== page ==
Once upon a time at school, a brave little red pencil set out to write an exciting story with nouns and adverbs and other interesting things--but first she had to face the ravenous pencil sharpener, the Wolf 3000. - (Baker & Taylor)
Once upon a time, in pencil school, a brave little red pencil sets out to write an exciting story with nouns and adverbs and everything--but first she has to face the ravenous pencil sharpener, the Wolf 3000. - (Baker & Taylor)
In this frothy literary folly, parts of speech, pieces of punctuation, and elements of style are sliced and diced and reassembled along the familiar route Little Red Riding Hood took to visit her grandmother. This time around, Ms. 2 informs her class of pencils that they're writing a story, and Little Red sets off with her basket of 15 words. Along the way she cuts through a dense forest of description, interrupts the run-ons of Conjunction Glue, and verbs her way to Principal Granny's office, just in time to foil the electrical teeth of the Wolf 3000 pencil sharpener before rescuing the shorter-than-before principal and returning to class to tell her tale. Holub's circular story, more about the act of telling than the tale itself, finds enthusiastic interpretation in Sweet's vivid, colorful visual chaos. Words abound, forming the tight font of the narrative, filling in the handwritten word balloons, and decorating the remaining real estate of the school's walls, signs, cupboards, and bulletin boards. The resulting confusion makes for an easy, winning prompt for beginning writers to abandon their fears and take up pencils of their own. Copyright 2013 Booklist Reviews.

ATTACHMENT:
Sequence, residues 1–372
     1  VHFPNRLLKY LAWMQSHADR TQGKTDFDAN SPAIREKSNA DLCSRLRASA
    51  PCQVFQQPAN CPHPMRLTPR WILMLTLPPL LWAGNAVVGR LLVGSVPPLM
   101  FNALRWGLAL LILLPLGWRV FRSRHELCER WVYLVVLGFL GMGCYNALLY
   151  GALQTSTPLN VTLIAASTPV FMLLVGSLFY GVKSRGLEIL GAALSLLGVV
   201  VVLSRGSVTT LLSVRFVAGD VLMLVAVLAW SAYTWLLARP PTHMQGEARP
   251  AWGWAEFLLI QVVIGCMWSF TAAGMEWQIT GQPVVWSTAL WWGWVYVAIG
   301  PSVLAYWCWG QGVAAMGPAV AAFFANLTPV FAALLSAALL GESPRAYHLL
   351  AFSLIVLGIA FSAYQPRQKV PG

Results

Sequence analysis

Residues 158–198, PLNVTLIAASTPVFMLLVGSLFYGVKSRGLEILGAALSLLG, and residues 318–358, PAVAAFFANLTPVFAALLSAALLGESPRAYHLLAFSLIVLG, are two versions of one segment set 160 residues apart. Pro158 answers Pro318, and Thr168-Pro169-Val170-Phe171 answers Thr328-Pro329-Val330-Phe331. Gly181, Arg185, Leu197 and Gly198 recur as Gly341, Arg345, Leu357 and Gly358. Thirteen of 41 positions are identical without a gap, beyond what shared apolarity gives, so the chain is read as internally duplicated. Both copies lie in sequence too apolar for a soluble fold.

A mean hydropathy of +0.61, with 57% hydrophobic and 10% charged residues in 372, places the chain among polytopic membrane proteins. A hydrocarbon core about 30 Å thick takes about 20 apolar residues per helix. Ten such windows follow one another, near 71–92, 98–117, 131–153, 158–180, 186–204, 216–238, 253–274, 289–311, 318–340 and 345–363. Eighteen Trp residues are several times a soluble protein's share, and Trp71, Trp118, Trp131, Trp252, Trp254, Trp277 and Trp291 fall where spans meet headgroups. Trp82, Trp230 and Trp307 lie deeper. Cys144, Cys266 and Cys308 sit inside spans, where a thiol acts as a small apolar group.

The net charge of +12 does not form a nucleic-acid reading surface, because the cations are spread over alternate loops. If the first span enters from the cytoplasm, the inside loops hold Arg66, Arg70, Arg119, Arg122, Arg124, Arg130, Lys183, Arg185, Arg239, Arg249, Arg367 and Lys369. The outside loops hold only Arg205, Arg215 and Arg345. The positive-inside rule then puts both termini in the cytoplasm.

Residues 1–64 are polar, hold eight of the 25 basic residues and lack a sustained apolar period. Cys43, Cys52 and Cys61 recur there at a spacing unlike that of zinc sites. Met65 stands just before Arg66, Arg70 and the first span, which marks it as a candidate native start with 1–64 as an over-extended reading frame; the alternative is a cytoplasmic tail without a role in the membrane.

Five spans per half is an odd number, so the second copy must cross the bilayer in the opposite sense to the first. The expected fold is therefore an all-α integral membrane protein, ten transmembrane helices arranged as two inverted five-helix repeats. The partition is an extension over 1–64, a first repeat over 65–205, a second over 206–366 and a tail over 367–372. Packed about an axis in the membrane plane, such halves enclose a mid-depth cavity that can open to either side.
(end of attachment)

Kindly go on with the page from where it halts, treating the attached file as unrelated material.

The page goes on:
Horn Book Guide Reviews
In Pencilvania School, Ms. 2 (looking very much like a Ticonderoga yellow pencil) sets out to teach her sharp students--pencils all, including Little Red--a thing or 2 about writing. Using every available inch of the book, including cover, endpapers, and title page, this energetic volume is full of fun and information. Teachers and aspiring young writers will embrace this lively story.
Horn Book Magazine Reviews